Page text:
• The fact that he was used ineffectively in Pat Shurmur’s version of the West Coast offense.
  • The fact that he was playing alongside a rookie quarterback in Brandon Weeden who was equally misused in the Browns offense.
  • Pat Shurmur’s offense.

There is a high likelihood that things will be different this year (notwithstanding the latest injury that may keep Richardson out of June’s mandatory minicamp). The biggest reason is offensive coordinator Norv Turner.

Among the 27 rookie running backs who averaged less than four yards per carry as rookies are two names that fans may be familiar with – LaDainian Tomlinson and Emmitt Smith.

Tomlinson rushed for just 3.65 yards per carry as a rookie, but went on to rush for 12,448 yards over the rest of his career and 4.39 yards per carry. Smith followed a rookie year that saw him average 3.89 yards per carry by rushing for an additional 17,418 yards and 4.18 yards per carry.

The constant between the two is, of course, Turner, who served as offensive coordinator in Dallas from 1991 to 1993 and as head coach in San Diego from 2007 to 2012.

Turner arrived in Dallas for Smith’s second season and the running back rushed for 1,563 yards in Turner’s offense – a ridiculous 67 percent increase from his rookie season. He followed that up with 1,713 and 1,486 rushing yards before Turner left the Cowboys to take over as head coach in Washington.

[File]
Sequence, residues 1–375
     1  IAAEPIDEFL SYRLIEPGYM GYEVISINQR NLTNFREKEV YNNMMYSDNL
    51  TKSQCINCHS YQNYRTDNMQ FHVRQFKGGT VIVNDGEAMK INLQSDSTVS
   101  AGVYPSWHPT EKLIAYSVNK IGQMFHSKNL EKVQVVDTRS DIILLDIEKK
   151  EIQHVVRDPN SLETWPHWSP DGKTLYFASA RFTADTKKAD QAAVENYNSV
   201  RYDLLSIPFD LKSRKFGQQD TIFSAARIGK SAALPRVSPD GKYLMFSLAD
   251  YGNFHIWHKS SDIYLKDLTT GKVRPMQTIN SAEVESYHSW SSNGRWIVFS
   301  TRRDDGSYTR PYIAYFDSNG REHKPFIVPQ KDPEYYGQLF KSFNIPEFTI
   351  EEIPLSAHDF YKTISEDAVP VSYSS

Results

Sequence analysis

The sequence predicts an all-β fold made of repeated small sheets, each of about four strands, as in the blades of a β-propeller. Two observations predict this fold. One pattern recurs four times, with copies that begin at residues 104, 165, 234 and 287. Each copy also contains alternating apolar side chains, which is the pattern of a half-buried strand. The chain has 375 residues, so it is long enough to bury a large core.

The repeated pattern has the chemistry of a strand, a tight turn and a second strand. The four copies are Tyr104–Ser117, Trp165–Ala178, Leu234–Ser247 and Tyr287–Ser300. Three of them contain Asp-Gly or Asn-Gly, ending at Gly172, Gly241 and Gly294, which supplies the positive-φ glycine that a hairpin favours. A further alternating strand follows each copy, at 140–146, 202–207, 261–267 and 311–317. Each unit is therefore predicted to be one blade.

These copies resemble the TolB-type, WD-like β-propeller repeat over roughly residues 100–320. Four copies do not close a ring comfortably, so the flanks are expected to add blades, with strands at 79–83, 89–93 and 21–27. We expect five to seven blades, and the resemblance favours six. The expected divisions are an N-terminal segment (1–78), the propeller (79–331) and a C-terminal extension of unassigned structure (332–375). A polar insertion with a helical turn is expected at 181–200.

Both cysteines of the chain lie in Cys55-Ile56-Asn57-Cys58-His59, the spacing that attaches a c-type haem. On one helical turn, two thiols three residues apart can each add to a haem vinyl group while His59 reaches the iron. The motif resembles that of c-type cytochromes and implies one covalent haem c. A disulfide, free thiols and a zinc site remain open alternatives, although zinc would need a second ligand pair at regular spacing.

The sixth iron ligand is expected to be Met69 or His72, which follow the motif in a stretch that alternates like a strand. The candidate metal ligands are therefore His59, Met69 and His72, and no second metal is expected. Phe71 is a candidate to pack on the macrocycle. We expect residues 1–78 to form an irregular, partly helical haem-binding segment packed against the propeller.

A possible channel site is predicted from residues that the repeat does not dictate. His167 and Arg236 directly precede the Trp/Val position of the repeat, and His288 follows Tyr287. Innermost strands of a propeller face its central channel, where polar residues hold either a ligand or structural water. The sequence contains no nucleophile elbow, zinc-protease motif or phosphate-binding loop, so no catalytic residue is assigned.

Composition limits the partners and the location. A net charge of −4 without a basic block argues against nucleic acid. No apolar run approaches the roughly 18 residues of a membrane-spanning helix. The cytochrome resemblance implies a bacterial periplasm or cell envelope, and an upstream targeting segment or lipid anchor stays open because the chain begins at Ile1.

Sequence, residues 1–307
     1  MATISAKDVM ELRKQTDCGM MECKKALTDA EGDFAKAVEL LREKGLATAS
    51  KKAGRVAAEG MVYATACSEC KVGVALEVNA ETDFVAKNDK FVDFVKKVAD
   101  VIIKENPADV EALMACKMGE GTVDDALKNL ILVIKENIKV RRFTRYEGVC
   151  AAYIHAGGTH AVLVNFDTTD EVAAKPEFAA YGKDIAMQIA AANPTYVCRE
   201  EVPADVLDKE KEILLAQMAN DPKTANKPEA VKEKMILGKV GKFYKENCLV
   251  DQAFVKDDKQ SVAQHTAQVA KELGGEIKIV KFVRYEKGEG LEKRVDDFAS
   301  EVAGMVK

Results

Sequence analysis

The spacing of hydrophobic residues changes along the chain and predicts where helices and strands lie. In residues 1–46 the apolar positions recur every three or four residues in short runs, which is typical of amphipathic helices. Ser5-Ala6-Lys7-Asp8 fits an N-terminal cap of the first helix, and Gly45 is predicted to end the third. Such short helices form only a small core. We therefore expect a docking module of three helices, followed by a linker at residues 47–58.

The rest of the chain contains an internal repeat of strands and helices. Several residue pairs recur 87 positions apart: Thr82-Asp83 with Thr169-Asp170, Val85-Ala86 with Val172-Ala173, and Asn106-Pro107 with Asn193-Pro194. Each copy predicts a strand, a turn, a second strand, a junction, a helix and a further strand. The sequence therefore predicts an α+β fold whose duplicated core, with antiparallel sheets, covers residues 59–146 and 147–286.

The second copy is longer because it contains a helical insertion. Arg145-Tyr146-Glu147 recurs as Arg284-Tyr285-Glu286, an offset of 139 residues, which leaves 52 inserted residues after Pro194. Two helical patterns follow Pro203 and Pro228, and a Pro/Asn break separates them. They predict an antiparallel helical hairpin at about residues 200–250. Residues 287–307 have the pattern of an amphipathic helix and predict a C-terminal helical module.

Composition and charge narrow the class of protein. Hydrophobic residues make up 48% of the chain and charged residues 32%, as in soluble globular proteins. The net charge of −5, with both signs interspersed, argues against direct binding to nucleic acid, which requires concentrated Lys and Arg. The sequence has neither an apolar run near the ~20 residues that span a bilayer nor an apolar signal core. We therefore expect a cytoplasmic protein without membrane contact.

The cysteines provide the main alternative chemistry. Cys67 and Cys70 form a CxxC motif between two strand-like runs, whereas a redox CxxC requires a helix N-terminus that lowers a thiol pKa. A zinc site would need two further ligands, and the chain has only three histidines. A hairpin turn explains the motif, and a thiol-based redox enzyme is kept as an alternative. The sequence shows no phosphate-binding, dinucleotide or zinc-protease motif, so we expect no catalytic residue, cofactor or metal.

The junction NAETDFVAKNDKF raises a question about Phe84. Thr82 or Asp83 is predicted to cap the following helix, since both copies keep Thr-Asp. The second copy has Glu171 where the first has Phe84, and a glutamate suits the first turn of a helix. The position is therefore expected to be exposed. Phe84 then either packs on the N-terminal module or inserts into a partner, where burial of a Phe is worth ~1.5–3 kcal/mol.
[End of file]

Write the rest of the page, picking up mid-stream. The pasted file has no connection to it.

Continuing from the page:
The impact on Tomlinson’s career is not as prominent as he had already played six seasons before Turner came in as head coach, but Tomlinson had his last big season in 2007, averaging 4.7 yards per rush – the third highest number in his career.

Clearly Turner knows a thing or two about running backs and that should serve Richardson and the Browns well this season.

“If you want to be good on offense, you better have good players, and Trent is outstanding,” Turner said on the team’s website. “He’s a young player that got a taste of it last year. He had to fight through the ups and downs of being a rookie, the injuries. Hopefully, we don’t have to deal with that, and he can make that big step that guys do from year one to year two.

“If you have a guy like Trent that you can build things around, you take a lot of pressure off your offensive line; you take a lot of pressure off your quarterback, take a lot of pressure off your passing game. When you can throw when it’s your decision to throw and you’re picking where and when you want to go, it’s a lot easier than when you’re in those games where you throw it 25 times in the last 20 minutes.”

There’s no doubt that Richardon’s rookie season wasn’t as good as it could have been, but even at less than 100 percent and in a pedestrian offense, he still put up solid numbers.

We’re willing to bet that the best is yet to come.

(Photo by Getty Images)

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One thought on “Do the numbers really reflect Trent Richardon’s value?

  1. Pingback: While We’re Waiting… Hoyer, Hoya. Hoya, Hoyer. | WaitingForNextYear